It seemed like a good idea. “Bring the children over for Sunday lunch,” I suggested to my daughter and son-in-law last week.
After all, they only live round the corner. Yet the strange thing is that we don’t actually do Sunday lunch together that often. They are often out doing their own thing or else we are. At weekends, I also need to catch up on my own writing work because I look after little Rose and George on Wednesdays and Thursdays.
But as the nights start to draw in, I’m aware that we need to spend more family time together when I’m not just helping out.
“Great,” said my daughter after checking her iPhone calendar. “We’re free. See you at 12.”
Whoops! I’d forgotten that as well as Greenwich Mean Time there is also Young Family Time. The latter – at least in my offspring’s house – means that the day starts at anything from 5am onwards. This has a knock-on effect on meals. Breakfast is 6ish; lunch is midday on the dot; and tea is 4.45pm, allowing time for food throwing, bath and bedtime stories.
As a writer, I also start my day early. But in my husband’s retired life, breakfast ends at around 10.30am and lunch is approximately 2-2.30pm. So when my little brood arrived on the dot of midday, tired and hungry, my husband has only just finished emptying the toaster crumb tray!
“We’re almost ready,” I say feverishly peeling the last sprout. “Just another half an hour or so.”
“But the children are ravenous,” says my daughter at exactly the same time as my husband says, “I’m not hungry yet.”
“Please,” I say, a touch tetchily. “Can’t we all sit at the table together just once?”
A compromise is reached. George and Rose have grated cheese and veg to keep them going so by the time my home-made fish pie is ready, they’re no longer hungry. My husband picks at his serving and then declares he’ll have it “later”.
There’s nothing like the waves to remind us of how beautiful life can be
Still, everyone bucks up later when we walk along the seafront. There’s nothing like the waves to remind us of how beautiful life can be. Lots of other families are strolling along too and I feel a surge of pride and happiness that I have two wonderful grandchildren whom I see every day.
“Sure you’ll still be all right to have them next week, Mum?” asks my daughter.
“Of course I will,” I say, trying not to sound apprehensive.
If you read last week’s column, you’ll remember that I’ve fractured something called the Radial Head bone in my elbow after falling off my bike. (Beware of loose shoe laces which get entangled in cycle wheels!) It can’t be plastered because of the position so I am meant to wear a sling. This proves totally impractical when it comes to looking after two children under three when my children work.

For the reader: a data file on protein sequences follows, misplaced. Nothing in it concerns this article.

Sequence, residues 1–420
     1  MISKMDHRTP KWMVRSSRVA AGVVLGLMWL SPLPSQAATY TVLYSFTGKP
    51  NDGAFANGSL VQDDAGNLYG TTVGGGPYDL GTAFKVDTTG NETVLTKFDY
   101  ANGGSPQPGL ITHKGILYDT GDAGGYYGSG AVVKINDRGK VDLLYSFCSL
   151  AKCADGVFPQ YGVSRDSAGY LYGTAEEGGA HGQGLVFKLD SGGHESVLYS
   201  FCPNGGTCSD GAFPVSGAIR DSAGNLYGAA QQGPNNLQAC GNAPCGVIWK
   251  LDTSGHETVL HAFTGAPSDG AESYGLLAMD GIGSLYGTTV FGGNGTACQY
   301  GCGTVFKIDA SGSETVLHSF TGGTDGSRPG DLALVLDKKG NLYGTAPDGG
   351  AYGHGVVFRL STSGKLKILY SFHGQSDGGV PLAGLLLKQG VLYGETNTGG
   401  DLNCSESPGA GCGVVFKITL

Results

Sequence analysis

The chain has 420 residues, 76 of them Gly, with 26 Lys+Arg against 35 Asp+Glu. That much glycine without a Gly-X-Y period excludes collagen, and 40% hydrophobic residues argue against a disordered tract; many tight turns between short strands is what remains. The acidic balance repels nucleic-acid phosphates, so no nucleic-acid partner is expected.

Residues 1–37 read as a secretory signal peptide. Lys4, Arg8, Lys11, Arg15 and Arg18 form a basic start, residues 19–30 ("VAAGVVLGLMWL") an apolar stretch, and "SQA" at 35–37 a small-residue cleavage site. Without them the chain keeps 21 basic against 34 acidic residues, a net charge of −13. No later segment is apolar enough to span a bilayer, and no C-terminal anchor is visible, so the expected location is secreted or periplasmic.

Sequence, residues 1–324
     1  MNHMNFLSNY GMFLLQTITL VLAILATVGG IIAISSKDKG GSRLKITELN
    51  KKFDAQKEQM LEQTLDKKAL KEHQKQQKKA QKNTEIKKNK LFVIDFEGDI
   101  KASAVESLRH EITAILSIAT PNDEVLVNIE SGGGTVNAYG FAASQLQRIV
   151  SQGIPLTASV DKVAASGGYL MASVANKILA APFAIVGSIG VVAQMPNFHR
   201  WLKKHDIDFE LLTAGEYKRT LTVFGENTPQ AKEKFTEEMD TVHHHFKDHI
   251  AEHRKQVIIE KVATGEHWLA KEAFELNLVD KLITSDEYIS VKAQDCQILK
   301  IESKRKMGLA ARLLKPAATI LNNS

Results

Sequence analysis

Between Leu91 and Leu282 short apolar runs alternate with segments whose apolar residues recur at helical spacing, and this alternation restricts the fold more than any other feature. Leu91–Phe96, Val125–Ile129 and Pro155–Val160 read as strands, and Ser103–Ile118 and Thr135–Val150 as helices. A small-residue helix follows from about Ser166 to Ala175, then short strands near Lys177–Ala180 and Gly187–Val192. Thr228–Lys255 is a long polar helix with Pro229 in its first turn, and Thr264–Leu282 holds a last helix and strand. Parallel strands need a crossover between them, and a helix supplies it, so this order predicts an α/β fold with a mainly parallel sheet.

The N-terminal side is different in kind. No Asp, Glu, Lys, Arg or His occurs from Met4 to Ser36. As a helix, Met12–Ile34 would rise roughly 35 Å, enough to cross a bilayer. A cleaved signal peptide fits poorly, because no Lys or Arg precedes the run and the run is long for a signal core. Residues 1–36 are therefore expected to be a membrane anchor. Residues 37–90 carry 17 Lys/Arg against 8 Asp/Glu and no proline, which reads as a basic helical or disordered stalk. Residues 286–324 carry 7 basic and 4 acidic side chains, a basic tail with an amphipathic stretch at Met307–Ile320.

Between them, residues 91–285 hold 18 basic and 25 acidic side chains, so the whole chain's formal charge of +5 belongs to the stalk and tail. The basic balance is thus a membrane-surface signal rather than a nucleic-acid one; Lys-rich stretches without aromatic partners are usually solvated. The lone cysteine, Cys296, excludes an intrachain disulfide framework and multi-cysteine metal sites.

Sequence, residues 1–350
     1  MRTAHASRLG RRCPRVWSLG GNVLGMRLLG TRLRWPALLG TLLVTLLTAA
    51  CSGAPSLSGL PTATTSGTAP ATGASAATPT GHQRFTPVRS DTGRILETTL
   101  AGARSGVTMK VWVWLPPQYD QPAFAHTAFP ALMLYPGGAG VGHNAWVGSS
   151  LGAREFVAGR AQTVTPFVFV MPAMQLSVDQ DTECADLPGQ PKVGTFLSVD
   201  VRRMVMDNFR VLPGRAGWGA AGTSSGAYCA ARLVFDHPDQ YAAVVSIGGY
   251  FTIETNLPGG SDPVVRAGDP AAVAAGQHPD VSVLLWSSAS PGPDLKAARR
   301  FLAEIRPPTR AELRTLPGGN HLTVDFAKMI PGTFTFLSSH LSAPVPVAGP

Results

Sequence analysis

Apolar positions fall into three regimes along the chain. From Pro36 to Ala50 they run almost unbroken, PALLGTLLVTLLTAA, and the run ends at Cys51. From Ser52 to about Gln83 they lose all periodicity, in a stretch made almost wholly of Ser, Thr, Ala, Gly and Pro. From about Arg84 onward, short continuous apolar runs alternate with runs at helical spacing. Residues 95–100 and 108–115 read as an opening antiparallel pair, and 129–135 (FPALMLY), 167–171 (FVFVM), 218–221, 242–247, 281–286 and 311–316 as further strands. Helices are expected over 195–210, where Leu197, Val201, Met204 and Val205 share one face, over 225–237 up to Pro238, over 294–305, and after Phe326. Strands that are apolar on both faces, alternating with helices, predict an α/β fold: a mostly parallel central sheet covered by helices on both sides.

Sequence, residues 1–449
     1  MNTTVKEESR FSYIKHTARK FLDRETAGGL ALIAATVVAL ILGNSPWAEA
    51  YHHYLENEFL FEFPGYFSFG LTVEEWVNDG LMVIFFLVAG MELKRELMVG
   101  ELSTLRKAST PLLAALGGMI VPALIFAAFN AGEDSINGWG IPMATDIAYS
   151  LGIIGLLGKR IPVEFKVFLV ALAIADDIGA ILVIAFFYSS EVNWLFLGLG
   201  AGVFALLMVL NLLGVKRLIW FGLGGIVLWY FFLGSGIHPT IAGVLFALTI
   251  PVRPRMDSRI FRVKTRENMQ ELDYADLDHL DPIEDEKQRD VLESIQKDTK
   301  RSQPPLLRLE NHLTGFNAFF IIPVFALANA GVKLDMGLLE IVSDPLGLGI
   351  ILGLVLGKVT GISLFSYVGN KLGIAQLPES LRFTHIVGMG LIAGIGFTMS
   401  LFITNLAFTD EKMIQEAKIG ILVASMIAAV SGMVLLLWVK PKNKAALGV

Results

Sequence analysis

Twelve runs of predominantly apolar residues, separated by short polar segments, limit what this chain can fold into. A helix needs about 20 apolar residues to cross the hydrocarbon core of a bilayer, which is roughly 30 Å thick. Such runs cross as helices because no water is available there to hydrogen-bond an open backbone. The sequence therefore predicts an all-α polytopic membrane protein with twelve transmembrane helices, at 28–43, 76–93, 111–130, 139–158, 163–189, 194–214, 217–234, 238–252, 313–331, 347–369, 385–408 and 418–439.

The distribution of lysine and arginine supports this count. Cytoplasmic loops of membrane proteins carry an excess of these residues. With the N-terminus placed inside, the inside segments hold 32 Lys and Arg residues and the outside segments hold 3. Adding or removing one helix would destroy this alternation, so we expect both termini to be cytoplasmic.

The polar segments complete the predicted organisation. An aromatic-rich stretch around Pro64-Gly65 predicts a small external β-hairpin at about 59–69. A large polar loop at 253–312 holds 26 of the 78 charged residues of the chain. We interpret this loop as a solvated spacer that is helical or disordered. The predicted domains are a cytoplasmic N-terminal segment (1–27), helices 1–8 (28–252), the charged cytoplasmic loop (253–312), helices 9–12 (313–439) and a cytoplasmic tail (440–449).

My husband has been helping out by taking little Rose to nursery but he has “things to do” during the rest of the day. My eldest son, who is working from home, comes over at teatime. The middle part is up to me. And yes, we have tried to find substitute childcare but no one is free. Besides, little George is very clingy and won’t go to anyone he doesn’t know.
As I write this, George is having his afternoon nap during one of my granny days this week. I’ve tried not to use my poorly arm too much but there are times when there’s no option. .
Still, it seems this is not an uncommon predicament. I’ve already bumped into three grannies this week in town who have also ploughed on regardless after various injuries, so as not to let down their families with childcare. One actually damaged her eye when she was playing hide and seek in the garden.
Counting my blessings
Then, when walking by the front yesterday, I saw a young mum in a wheelchair with a toddler on her knee. The man walking next to her also had a dog. They were smiling and looking happy, pointing out a boat to the little one. Their enthusiasm was infectious. And it made me count my blessings.
“How about Sunday lunch again next weekend?” I suggest to my daughter and son-in-law when they come back from work.
“Are you sure, Mum?”
“Absolutely.” I give her a warm hug, breathing in the scent of this beautiful 32-year-old woman who will always be my lovely little girl to me. “But perhaps we can make it slightly later this time…”